Social Media and Space Communication

By Laura Fitzsimmons, Fasttrack in Communication/Global Strategic Communication

I vaguely remember going to Epcot’s space exploration exhibit when I was 10-years-old. The exhibits and hands-on activities sparked my initial interest in space travel. I remember thinking how cool it would be to travel to space and walk on the moon. But after tasting the packaged ice cream the astronauts eat in space, I quickly changed my mind.

Now that I’m older, I recognize how silly I had been, changing my mind about space travel based on the taste of the packaged ice cream. But to a 10-year-old, ice cream is one of the most precious things on Earth, so I’m not really too surprised by my thought process.

After what I have experienced this summer, my interest and excitement regarding space travel has been reignited. I have had some amazing opportunities and learned so much from the people I have interviewed and the places I have visited.

The first guest to visit our Covering Science and Technology course was Todd Halvorson. As senior aerospace reporter for Florida Today/USA Today, Halvorson had a lot of insight regarding what it takes to be a top journalist in the 21st century. Journalists don’t just write articles, they take pictures, post videos, and use social media constantly.

One of the challenges I faced was becoming more social media savvy. Even though I was born into this digital world, I rarely use my Facebook and had never attempted to create a Twitter account. But one of our tasks for this class was to post and tweet interesting facts and tidbits that we came across during our visits to NASA and ESTEC and while doing our research.

At first it was hard to believe that my instructor actually wanted her students on Twitter and Facebook, but now I see how fun it was to post, tweet, and share the interesting information I learned with my fellow classmates. And I think it will make me all summer to get Dr. Edwards’ commands to “post and tweet!” out of my head!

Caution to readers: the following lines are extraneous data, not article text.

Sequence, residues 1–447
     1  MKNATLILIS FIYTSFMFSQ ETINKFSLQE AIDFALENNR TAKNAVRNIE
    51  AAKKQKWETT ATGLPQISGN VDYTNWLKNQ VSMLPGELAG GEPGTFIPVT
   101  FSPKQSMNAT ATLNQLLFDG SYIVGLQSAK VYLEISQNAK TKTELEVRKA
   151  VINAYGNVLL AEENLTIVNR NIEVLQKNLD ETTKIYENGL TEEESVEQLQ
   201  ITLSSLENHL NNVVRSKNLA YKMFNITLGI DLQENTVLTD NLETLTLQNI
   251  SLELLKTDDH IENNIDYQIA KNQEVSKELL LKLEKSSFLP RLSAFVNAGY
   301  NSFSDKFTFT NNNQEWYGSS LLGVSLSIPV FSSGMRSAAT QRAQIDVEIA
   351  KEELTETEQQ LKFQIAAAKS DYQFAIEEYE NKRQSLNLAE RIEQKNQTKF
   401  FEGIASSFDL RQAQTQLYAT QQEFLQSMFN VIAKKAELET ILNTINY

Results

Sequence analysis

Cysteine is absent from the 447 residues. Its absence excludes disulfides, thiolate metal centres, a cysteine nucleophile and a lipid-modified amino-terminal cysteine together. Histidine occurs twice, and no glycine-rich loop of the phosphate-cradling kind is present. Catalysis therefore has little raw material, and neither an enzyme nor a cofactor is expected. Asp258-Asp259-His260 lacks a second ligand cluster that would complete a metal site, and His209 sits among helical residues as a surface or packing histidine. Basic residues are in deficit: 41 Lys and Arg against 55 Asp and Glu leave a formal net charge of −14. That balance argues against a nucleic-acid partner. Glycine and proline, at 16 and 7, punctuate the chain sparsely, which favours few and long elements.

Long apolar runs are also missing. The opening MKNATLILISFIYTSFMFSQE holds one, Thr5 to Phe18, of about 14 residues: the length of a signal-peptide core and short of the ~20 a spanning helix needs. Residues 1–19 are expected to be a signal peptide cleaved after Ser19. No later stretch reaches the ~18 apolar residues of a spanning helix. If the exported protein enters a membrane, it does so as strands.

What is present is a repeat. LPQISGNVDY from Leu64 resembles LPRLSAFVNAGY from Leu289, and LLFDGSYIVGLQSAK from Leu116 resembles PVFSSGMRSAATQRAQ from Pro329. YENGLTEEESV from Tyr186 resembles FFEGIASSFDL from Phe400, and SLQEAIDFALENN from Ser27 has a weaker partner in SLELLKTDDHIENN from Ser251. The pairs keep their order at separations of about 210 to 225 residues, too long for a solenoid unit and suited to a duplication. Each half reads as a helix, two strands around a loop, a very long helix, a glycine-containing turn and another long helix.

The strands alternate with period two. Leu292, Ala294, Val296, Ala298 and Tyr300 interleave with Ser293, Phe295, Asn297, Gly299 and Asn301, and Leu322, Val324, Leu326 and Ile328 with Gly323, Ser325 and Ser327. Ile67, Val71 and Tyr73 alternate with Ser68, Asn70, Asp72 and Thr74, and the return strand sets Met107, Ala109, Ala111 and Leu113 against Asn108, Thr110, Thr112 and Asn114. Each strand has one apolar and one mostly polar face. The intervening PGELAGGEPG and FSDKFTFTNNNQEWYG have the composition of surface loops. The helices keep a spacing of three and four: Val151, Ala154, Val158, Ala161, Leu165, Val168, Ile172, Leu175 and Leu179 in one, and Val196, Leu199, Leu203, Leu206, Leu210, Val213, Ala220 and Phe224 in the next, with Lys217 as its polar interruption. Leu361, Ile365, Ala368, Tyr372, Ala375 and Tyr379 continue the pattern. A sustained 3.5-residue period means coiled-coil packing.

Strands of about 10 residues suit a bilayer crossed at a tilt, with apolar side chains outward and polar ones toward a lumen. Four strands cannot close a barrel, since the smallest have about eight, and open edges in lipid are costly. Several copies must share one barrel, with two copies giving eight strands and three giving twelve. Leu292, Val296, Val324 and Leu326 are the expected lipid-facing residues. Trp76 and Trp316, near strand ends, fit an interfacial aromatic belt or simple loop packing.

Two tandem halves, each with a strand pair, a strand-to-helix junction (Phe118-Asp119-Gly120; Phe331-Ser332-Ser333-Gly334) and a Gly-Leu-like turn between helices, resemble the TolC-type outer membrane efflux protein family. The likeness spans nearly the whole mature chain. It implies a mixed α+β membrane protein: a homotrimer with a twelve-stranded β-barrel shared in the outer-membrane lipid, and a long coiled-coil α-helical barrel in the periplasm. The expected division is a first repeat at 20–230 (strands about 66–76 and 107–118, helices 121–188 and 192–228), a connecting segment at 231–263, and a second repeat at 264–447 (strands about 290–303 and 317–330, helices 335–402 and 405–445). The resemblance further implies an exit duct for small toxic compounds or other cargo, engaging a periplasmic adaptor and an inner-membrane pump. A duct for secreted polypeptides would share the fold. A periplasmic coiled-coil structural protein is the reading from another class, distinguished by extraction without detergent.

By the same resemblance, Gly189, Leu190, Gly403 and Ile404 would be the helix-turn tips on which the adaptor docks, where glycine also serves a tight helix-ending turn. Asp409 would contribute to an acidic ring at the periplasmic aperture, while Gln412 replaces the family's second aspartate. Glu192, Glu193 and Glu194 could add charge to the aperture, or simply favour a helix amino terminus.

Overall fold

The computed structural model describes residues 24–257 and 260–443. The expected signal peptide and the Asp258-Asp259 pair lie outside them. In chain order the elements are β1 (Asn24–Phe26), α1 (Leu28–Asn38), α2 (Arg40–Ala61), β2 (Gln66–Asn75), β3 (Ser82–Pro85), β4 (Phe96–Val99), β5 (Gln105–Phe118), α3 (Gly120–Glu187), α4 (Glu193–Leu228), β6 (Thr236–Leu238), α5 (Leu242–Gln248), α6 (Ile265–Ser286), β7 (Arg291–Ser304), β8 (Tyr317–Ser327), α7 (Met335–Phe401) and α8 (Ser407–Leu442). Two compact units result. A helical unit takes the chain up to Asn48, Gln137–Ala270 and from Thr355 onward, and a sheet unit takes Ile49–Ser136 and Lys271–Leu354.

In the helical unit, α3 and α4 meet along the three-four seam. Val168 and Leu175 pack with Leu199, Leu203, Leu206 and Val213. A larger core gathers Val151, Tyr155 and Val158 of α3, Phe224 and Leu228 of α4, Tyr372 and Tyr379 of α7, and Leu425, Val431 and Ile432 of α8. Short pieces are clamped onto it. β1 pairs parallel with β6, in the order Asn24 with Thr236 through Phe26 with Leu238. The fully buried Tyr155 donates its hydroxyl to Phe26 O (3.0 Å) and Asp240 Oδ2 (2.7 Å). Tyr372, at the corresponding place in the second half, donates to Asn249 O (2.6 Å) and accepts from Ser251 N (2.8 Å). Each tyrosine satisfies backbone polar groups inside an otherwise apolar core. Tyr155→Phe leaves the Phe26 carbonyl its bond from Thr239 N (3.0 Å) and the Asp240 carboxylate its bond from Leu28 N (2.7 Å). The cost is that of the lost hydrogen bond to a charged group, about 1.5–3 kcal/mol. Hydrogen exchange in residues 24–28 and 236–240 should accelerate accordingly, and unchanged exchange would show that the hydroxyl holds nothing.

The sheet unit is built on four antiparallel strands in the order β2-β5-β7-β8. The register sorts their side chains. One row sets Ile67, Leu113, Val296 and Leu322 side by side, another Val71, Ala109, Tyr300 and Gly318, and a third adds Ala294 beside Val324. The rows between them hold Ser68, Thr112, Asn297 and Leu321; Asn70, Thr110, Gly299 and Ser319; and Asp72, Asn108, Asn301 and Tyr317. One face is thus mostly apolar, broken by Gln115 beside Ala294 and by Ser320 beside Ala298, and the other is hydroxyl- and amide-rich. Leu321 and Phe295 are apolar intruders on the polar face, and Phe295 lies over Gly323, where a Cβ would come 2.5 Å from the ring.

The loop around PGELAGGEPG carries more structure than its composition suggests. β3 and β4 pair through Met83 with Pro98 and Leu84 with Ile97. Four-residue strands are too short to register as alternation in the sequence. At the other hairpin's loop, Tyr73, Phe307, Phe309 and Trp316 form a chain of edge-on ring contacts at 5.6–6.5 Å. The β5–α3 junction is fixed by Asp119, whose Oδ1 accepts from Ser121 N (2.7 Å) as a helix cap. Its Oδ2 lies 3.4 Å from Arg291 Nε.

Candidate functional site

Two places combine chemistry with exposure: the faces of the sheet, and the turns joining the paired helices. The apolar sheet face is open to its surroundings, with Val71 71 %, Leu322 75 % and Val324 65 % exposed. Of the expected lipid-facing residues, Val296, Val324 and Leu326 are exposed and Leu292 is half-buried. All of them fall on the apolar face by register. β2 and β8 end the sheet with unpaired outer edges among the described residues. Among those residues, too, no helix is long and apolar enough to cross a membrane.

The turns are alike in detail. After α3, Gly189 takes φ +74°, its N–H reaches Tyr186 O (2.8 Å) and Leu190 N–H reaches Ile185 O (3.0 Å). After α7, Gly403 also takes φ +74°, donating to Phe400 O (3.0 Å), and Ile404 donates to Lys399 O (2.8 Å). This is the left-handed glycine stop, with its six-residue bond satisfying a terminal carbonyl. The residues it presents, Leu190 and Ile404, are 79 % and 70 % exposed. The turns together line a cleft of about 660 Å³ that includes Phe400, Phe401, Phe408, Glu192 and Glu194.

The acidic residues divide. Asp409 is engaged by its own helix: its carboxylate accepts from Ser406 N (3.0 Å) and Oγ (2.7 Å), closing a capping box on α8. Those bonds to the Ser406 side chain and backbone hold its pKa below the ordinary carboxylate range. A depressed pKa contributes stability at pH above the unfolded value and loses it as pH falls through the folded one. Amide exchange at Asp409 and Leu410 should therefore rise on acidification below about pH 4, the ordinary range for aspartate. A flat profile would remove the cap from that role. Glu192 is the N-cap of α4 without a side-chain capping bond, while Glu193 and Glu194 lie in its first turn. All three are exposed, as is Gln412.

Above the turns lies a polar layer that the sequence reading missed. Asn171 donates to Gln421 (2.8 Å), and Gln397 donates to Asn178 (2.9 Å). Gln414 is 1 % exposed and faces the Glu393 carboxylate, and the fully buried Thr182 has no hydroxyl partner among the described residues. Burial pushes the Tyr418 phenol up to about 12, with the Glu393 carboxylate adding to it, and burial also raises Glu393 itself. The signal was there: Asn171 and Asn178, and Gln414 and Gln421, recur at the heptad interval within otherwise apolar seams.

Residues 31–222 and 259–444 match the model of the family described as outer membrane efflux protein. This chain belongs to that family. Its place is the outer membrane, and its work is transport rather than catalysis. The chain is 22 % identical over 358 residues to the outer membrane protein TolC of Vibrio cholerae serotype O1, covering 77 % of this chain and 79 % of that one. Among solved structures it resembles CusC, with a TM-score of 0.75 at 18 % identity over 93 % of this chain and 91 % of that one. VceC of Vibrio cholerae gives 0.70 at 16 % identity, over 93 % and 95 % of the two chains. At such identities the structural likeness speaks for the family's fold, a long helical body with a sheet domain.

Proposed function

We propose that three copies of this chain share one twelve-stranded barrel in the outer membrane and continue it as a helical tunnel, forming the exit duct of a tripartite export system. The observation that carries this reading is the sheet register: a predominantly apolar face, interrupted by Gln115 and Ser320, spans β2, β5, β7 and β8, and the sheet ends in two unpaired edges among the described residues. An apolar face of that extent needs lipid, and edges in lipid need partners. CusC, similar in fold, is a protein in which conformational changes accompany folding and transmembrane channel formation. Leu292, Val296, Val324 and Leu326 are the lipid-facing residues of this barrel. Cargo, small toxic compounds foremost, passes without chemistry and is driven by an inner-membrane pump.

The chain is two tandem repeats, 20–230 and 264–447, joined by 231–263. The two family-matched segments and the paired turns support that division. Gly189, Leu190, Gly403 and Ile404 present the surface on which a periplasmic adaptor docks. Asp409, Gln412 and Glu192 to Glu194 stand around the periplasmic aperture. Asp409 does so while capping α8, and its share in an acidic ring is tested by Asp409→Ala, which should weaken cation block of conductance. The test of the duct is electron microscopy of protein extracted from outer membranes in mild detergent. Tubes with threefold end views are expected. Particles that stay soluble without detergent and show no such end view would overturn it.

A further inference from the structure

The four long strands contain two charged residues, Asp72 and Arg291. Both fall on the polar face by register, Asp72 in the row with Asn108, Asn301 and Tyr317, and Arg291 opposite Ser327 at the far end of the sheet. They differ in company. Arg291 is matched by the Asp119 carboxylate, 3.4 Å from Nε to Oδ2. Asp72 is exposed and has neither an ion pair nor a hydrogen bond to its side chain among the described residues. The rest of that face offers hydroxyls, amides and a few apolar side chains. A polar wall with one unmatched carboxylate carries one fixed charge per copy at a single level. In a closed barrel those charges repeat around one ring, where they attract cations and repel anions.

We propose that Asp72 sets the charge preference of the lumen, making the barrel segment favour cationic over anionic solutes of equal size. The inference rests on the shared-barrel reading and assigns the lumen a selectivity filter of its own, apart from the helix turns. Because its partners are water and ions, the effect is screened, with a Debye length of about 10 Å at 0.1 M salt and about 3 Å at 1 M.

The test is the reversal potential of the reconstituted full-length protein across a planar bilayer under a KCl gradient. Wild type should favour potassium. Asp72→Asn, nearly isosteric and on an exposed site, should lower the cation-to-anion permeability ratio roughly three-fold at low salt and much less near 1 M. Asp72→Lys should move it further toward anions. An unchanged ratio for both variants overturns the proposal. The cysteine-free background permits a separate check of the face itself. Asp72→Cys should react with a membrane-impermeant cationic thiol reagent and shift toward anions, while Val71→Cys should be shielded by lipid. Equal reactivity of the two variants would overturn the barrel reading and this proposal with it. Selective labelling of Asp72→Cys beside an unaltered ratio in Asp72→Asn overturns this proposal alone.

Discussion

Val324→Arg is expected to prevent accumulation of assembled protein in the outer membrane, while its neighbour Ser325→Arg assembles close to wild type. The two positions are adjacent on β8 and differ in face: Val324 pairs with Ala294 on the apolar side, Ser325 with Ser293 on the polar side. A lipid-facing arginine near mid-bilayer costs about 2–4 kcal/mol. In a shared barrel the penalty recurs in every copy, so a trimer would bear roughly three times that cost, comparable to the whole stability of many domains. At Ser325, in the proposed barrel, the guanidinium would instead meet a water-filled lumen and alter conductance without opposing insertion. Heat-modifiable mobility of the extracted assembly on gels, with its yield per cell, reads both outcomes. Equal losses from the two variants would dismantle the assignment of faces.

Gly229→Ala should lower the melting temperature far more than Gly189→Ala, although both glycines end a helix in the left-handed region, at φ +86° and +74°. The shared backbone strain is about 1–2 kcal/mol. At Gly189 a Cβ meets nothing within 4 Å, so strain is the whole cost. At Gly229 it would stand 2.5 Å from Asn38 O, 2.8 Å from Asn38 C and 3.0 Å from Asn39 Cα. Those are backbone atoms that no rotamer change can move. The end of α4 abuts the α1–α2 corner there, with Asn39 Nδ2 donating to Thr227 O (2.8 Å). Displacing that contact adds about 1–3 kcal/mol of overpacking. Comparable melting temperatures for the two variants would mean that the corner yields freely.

Visiting NASA’s Kennedy Space Center and ESTEC’s European Space Agency in the Netherlands were two unique experiences. Interviewing Chris Cassidy while he floated in microgravity was a once-in-a-lifetime opportunity that opened my eyes to a different side of journalism. Touring ESA’s facility and speaking with ESTEC’s representatives was an informative and memorable experience as well. Both trips offered me new insights into science journalism and reinforced how interesting (and rewarding!) it can be.

Writing about science and technology can be a difficult task, as I learned within the first few weeks of this course. A science journalist must research their beat or topic and communicate effectively with their interviewees. Interviewing scientists and engineers can be tricky since these professionals are known to speak a different “language” compared to the general public. Understanding and defining scientific terminology and avoiding jargon were two of the main challenges I faced during this project. It was tempting to use scientific terms when writing my articles, and I had to constantly remind myself that I was writing for the general public and not an actual scientist.

I’ve always had an interest in writing about science, and I’m so glad I had the chance to take this course and expand my writing skills. I am also grateful that I had the opportunity to visit NASA and ESTEC, as these visits and their accompanying projects have opened my eyes to a different side of journalism. I am looking forward to applying this knowledge to my future writing courses as well as my writings for Florida Tech’s newspaper the Crimson.

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